Maybe we should have an Olympics-style bidding competition to see who wants it and who has the best idea of how they would facilitate it?

  • Eddie Sammon 30th Aug '17 - 2:18pm

    It’s a long-term possibility but it can’t be done quickly or it would cause untold destruction onto London and lots of businesses would go bankrupt. Government itself would arguably suffer for a bit too because some civil servants would refuse to move, as when the BBC shifted some operations to Manchester.

    I certainly like the idea as long as sufficient planning and notice was allowed. Realistically it would take about five years planning (at least) and another 10 years notice would be required otherwise it could rip the heart out of London and create too much instability. It would take longer than to arrange an Olympics because of the job losses.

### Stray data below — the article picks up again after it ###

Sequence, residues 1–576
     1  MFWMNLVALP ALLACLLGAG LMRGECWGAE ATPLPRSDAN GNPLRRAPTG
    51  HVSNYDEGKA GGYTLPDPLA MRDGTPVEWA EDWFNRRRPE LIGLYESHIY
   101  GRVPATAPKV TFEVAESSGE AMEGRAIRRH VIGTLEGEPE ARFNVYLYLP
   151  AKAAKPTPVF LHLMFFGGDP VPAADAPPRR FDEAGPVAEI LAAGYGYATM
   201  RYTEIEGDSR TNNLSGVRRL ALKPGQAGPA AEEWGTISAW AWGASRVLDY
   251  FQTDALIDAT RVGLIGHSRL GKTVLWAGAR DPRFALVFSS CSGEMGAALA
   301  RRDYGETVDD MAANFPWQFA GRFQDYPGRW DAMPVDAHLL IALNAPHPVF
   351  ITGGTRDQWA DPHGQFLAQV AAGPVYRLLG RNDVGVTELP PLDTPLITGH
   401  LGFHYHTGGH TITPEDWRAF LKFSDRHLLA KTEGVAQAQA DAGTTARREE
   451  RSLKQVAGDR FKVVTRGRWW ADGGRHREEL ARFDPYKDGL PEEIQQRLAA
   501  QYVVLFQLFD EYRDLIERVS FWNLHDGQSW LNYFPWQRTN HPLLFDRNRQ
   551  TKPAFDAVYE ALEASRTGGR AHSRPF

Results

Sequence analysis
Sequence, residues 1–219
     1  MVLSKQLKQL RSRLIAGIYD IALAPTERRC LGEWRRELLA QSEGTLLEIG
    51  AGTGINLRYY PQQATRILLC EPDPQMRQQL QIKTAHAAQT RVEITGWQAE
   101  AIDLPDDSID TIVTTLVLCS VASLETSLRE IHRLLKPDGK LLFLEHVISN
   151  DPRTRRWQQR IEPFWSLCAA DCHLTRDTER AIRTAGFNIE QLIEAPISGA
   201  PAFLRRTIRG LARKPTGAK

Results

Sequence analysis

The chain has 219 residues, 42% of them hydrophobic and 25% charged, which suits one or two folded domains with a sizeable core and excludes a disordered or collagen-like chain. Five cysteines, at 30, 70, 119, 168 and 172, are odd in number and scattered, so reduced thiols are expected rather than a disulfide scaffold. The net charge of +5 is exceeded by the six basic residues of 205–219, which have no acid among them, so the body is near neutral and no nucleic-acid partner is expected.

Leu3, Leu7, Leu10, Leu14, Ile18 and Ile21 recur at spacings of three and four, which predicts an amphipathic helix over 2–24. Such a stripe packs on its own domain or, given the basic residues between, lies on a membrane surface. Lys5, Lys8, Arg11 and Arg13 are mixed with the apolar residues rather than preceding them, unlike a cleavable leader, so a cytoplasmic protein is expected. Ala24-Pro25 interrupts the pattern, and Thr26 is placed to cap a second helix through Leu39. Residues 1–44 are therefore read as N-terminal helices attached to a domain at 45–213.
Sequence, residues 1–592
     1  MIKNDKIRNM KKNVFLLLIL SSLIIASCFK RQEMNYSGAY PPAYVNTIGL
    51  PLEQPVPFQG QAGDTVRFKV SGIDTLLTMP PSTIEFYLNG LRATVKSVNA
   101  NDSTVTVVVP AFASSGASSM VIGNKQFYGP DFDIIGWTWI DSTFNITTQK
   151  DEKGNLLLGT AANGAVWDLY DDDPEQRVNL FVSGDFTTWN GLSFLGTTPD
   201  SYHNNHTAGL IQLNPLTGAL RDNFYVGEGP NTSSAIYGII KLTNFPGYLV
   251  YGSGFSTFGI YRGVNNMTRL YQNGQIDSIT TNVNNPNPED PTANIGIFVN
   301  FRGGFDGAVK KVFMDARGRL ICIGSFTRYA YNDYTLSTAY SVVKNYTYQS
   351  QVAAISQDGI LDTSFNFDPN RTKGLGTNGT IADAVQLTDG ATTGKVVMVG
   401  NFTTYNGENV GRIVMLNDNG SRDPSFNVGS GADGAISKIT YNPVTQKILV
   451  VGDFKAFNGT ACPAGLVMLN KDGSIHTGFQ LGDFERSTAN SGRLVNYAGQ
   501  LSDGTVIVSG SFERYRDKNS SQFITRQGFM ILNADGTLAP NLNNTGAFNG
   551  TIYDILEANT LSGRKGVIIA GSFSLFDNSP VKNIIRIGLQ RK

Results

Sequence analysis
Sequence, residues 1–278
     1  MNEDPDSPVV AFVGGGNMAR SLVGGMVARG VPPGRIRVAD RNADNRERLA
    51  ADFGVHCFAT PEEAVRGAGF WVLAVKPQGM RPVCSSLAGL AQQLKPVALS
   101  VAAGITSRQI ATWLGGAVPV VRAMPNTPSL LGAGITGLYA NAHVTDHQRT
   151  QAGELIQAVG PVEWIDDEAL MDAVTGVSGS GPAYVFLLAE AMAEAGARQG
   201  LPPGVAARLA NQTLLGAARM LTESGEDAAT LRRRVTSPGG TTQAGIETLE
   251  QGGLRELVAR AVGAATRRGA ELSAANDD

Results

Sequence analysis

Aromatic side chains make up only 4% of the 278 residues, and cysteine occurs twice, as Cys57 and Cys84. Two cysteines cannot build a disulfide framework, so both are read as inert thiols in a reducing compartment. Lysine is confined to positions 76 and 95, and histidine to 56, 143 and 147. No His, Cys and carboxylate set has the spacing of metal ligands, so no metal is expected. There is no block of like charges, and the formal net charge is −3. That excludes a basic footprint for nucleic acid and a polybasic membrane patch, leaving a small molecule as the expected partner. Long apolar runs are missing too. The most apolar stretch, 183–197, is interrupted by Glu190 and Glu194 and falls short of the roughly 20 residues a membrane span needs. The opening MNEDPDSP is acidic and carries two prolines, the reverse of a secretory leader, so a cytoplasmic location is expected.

• It’s amazing that people don’t take the Lib Dems seriously.

  • Yeovil Yokel 30th Aug '17 - 2:44pm

    Ian MacFayden – Edinburgh might be a reasonable choice unless Scotland votes for independence, in which case you’d have a bit of a problem. I suppose you could then have a UK enclave within the nation of Scotland, connected via a protected corridor to Berwick-upon-Tweed, rather like the former West Berlin – Edinburgh Airlift anybody?

    I prefer Leeds (Manchester is already too big and powerful); and as Speaker instead of Billy Connolly or that “pompous little Bercow” (“Order, the Honourable Mr. Raw will withdraw that remark”) I propose Alan Bennett.

  • Yeovil Yokel 30th Aug '17 - 2:52pm

    Apologies, Adam Corbett – despite my levity the idea of moving Parliament northwards is a perfectly sensible one, but I cannot see the generally reactionary and tradition-obsessed British countenancing it.

  • paul barker 30th Aug '17 - 3:16pm